APAS finds interest in farm input price survey

Association studies factors that affect prices of important inputs and hopes a permanent survey could be established

The Agricultural Producers Association of Saskatchewan continues to work on a project that aims to learn more about farm input prices in the province.

APAS launched the Agricultural Price and Risk Management Project in August 2017 to learn more about the factors that affect the prices for important agricultural inputs such as fuel, fertilizer and farm chemicals.

The goal of the project was to examine the feasibility of implementing a permanent farm input price survey for Saskatchewan producers.

Unlike Alberta, Saskatchewan has not had a farm input price survey since 2002.

In 2016, APAS members passed a resolution to explore the need for such a survey. Some members felt an annual price survey or database would provide timely input pricing information and assist growers with input purchasing decisions.

Over the past few months, APAS has been canvassing its members to see if there is support for a permanent farm input price survey and whether growers think such a survey would result in greater price transparency.

The results have been encouraging.

“I think there’s always been concerns in Saskatchewan about farm input prices, especially since the province stopped doing (an annual survey),” said APAS president Todd Lewis.

“Farmers here have always wondered if a permanent survey would be something worthwhile or something that we could put together in Saskatchewan.… Phase 1 of our project certainly shows that there is an interest in it.”

Phase 1 was aimed at gathering basic information.

Among other things, growers were asked to complete an online questionnaire at www.apas.ca/input-price-survey.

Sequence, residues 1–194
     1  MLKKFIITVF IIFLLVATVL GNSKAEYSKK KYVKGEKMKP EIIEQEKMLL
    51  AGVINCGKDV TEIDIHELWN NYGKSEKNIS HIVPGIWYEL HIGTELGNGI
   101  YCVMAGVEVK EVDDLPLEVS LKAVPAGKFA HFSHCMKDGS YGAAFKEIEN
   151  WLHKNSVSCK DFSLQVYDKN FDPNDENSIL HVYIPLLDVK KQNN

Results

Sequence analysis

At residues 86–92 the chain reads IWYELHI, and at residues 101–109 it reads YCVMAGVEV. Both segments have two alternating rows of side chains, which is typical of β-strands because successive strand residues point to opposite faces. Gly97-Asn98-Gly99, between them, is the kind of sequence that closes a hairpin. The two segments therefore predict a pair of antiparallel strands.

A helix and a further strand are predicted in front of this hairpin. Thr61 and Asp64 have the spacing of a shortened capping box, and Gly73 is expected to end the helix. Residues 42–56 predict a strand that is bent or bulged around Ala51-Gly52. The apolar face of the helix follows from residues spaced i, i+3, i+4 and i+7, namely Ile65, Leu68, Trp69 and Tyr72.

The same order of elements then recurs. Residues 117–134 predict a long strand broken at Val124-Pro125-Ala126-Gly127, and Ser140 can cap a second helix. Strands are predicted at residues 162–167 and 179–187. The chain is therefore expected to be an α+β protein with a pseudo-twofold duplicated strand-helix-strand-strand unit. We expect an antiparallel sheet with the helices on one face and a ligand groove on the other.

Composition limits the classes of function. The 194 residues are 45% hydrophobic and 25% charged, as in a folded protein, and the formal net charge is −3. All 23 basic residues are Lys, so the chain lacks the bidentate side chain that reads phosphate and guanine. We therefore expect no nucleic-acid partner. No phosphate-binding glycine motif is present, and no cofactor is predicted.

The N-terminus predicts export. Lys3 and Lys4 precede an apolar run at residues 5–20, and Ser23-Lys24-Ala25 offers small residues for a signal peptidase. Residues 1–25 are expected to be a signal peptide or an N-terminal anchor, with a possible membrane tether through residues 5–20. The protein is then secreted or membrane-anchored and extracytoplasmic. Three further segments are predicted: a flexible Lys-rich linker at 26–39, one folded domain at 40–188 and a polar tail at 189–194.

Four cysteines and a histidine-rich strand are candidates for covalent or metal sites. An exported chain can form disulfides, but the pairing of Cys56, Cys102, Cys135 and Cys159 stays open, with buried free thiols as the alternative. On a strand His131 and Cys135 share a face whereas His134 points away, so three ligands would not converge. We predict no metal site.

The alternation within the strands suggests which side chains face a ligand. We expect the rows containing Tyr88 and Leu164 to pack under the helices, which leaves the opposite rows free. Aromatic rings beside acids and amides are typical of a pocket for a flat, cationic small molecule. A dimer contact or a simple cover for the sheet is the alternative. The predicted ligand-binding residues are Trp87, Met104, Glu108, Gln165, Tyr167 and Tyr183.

As of early last week, 153 growers had completed the survey.

Of those, nearly 93 percent said they would use a farm input database to help make input buying decisions if such a database were available.

Respondents offered different views when asked whether shopping around for essential farm inputs is likely to result in cost savings.

Nearly 59 percent said it is very important to shop around when buying farm machinery, compared to 52 percent who said it’s very important to shop around when buying fertilizer.

Only 27 percent said shopping around is likely to result in lower prices for fuel purchases.

Similarly, when asked whether prices for key inputs are negotiable, nearly 60 percent said fuel prices are not negotiable, compared with 31 percent who said machinery prices are negotiable.

Survey respondents were also asked about bulk or volume purchasing.

The APAS project is trying to determine if large volume purchases can result in lower unit prices.

Lewis said group purchases may result in significant cost savings for smaller operators.

“I think Phase 2 of our project … will show that volumes are a big part of pricing, and if that’s the case, does that mean that a group of smaller farmers should get together and buy as a conglomerate, as a big unit, and then split their inputs between themselves?” said Lewis.

“If big producers are seeing lower price, then maybe smaller producers can organize themselves so they can take advantage of some of that bulk pricing.”

Reindorf Yeboah, an APAS researcher who has been managing the input pricing project, said most farmers who responded to the online survey identified fertilizer, fuel, seed and chemicals as the most important inputs on their farms.

A smaller number identified machinery, vet medicines, building supplies and livestock feeds as inputs.

Yeboah said written feedback from respondents was mostly positive, suggesting growers would like more information about pricing and the factors that affect input costs.

“Ninety-two percent said they were interested in this, so it shows there is strong support for this research,” Yeboah said.

In the second phase of the project, Yeboah will take a closer look at factors such as the effect of bulk purchasing on input prices, the effect of cash purchases as opposed to purchases made on credit, and the effect of loyalty programs that are used by input suppliers.

Lewis said Saskatchewan growers have long expressed an interest in an annual price input survey, but the province has shown no inclination to get involved.

It is unclear whether APAS would be interested in managing such a project, he added.

For now, APAS wants to learn more about farmers’ needs and whether they would find additional information useful.

“The initial results of our work show that certainly with chemical prices and fertilizer prices, people are very interested in what their neighbours are paying,” he said.

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